This is going to be a difficult column to write. Not because I’m talking about anything heavy in this installment, I did enough of that last time…I’m just really, really tired.
H&V was absent last week while I attended to matters of personal importance. I know it may come to a shock to those reading but freelance comics column writers have lives outside of freelance comics column writing. I also write about toys. Please read the Figure Friday column so that it will get popular enough for toy companies to send me free toys. You know…for review.
Dark Nights: Death Metal #1
Scott Snyder (W)
Greg Capullo (A)
What a relief this book is…A big, shiny, summer EVENT comic that is a welcome escape from the world for a few minutes.
Dark Nights: Death Metal #1 is the comics equivalent of a summer blockbuster which is great since none of us can go to movie theatres at the moment. So far, the book seems most concerned with having fun and harkens back to events of yesteryear where the premise always started with “Wouldn’t it be cool IF….”
It has a chromium cover for godssakes.
Without getting into too many spoilery details, Death Metal is jam-packed with cool moments that are worth the $4.99 cover price. If you weren’t already sold on the Batman T-Rex that was released as some of the preview pages, the book backs that up and then some. I’ll admit that I wasn’t fully on board with this title since I didn’t care much for the previous outing Dark Nights: Metal and after a promising first issue I’m already thinking ahead to the forthcoming Flash-centric Dark Nights: Speed Metal and what other Metal puns they could work into the DCU.
Curiously, the opening pages of the book bill it as an “Anti-Crisis” and that “IT ALL MATTERS” which is a fun jab at DC having dined out on the Crisis nameplate for something like the last 35 years. In fairness, we got that ONE Crisis back in the ’80s and then waited until the new millennium before they started having Crises fortnightly.
It’s also interesting that they’re making a point of everything “mattering” in this event comic. In the past, I’ve painted us comics fans as “slavishly beholden to continuity” oftentimes to a fault. We can be more concerned with which events were in continuity or “canon” that we forget to check if the book is any good or not. Whenever someone starts droning on and on about continuity in comics my brain automatically cues up the meme of Charlie Kelly from It’s Always Sunny In Philadelphia and his interconnecting string wall of conspiracy.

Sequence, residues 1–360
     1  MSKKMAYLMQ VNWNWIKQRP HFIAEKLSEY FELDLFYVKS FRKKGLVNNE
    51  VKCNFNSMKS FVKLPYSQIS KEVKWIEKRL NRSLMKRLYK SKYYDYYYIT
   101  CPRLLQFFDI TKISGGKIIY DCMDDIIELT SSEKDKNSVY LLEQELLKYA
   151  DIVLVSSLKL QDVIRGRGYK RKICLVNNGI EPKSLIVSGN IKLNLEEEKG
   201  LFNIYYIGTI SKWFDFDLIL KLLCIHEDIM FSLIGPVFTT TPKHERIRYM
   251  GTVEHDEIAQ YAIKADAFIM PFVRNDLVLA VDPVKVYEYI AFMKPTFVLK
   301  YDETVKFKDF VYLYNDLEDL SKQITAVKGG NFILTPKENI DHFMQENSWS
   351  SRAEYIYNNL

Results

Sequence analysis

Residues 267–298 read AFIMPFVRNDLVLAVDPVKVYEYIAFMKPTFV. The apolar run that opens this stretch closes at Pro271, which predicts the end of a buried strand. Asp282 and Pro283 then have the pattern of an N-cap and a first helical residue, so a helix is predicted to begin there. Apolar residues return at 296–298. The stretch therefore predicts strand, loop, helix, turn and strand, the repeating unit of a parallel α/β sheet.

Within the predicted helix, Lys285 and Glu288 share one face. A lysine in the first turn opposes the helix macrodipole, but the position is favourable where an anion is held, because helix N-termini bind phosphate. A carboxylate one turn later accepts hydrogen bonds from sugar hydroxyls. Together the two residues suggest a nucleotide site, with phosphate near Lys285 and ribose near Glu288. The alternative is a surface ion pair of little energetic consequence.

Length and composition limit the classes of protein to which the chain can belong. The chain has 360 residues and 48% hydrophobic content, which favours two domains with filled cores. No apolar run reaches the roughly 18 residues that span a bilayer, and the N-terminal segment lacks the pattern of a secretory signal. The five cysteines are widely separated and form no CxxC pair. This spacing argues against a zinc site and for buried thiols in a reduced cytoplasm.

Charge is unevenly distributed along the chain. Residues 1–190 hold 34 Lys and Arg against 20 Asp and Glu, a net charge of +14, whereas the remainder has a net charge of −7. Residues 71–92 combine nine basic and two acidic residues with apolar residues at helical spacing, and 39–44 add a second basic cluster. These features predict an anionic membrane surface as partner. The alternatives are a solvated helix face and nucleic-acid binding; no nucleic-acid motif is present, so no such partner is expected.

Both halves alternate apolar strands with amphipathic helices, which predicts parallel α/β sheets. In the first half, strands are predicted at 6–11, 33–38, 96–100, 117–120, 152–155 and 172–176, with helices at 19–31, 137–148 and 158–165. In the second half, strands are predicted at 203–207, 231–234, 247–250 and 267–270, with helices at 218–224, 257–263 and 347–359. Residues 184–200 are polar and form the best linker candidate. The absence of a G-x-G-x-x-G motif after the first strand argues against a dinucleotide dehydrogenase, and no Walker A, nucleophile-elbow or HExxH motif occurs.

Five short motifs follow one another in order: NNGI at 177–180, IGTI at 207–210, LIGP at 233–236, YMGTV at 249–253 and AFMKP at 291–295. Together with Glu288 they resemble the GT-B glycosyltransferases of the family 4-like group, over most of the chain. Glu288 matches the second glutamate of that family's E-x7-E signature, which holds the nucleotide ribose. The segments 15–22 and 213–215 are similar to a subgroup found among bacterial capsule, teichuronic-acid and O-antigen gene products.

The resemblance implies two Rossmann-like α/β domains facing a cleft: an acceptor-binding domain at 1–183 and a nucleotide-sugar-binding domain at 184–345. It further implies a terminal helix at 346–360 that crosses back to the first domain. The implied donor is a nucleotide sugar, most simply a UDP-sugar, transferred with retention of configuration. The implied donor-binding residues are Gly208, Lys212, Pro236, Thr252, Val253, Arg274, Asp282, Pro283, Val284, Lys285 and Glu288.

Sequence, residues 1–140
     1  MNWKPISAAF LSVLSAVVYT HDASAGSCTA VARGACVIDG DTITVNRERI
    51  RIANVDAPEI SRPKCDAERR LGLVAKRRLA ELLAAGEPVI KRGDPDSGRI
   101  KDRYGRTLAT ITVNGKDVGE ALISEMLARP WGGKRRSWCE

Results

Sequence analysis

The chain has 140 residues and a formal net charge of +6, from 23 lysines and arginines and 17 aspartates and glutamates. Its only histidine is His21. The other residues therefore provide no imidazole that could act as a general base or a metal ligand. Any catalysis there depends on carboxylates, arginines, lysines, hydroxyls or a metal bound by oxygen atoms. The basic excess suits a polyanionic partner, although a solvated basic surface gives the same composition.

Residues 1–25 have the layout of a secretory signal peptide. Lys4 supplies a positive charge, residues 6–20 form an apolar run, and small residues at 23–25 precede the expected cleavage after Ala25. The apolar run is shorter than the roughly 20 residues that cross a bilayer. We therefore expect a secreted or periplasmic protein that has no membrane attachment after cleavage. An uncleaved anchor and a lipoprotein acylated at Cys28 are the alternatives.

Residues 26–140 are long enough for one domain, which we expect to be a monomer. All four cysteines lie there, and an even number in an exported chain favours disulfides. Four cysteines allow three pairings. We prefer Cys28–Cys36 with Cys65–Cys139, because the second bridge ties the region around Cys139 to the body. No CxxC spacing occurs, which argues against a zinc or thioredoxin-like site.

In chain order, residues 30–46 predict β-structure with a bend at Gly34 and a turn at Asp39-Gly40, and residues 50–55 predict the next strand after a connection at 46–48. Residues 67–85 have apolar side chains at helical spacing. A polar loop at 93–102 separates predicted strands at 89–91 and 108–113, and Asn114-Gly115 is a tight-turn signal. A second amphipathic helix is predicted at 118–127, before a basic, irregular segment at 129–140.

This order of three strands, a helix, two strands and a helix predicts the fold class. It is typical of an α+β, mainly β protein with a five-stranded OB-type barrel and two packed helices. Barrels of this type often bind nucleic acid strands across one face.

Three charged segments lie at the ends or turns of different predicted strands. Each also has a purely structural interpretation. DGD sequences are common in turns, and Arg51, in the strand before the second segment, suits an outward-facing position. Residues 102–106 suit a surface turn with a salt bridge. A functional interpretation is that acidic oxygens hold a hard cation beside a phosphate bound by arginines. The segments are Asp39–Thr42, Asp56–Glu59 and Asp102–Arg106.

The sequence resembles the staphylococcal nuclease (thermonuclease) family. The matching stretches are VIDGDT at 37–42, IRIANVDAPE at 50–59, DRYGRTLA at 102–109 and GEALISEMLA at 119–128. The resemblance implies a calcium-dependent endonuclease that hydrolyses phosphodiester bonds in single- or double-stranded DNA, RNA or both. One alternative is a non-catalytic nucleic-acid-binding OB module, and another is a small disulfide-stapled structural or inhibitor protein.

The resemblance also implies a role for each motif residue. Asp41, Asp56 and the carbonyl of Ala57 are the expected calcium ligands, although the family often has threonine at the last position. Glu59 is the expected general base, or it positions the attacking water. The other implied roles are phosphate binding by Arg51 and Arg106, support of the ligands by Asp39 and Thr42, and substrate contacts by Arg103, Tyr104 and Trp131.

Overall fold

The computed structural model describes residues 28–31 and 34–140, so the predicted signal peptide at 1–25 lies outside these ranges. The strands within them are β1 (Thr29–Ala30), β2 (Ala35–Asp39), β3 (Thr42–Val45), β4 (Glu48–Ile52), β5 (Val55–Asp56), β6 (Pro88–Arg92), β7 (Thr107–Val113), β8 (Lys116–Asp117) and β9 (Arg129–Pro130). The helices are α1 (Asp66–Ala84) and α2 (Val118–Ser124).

Dark Nights: Death Metal #1 is on stands TODAY.
(If you’re even vaguely aware of DC parting ways with Diamond as a distributor in recent weeks and all the extra hoops your LCS has to jump through to GET DC books in the future, enjoy this Wednesday release while you can. There’s sure to be some bumps in the road ahead as they transition to their new distribution model. Just ask your local comics retailer and you’ll be treated to a stream of obscenity that will turn the air blue.)
Last Friday THE CHIEF texted me to let me know that comics legend and titan of the industry, Denny O’Neil had passed. This loss hit a bit different for me when compared to other industry veterans that have died because I had a fleeting connection to Denny.
The connection was supposed to have been even more fleeting than it was but Denny had other ideas. Just over a year ago I got the chance to interview him in advance of his appearance at the Toronto Comic-Con and it was something I totally was not ready to do.
Generally, I’m not an interviewer but when presented with the chance to talk with an actual legend I talked myself into doing it. His PR people were very clear to be respectful of his time and to keep the interview to fifteen minutes. That was cool. I could do that.
I wrote down some terrible “softball” questions stopping short of “who would win in a fight?” or “who’s your favourite character?” I then commenced to doing some deep breathing exercises and dialled the phone number they gave me (I HAD BEEN GIVEN DENNY O’NEIL’S PHONE NUMBER).
The voice on the other end of the line was instantly recognizable from countless Batman DVD extras regarding the history of the character. I got out precisely one of the questions I had written down before Denny took me to school.
It was a literal school, too. I got a private history lesson on Denny’s life in the business as well as the history of the medium itself. I had set a timer to remind myself when it was time to wrap it up but he was on a roll and showed no signs of slowing down…he was happy to keep talking and he had no other appointments booked so I reaped the benefits of that. Eventually, when I transcribed the recording I had made, the text was in excess of three thousand words.
Last week saw the publication of the Joker 80th Anniversary 100-Page Giant and it of course featured a Denny O’Neil penned Joker story (which was great). I could go on and on about how his work benefitted the industry and all of us comic book fans but I’ll instead recommend that you pick up your own favourite work of his and give it a read.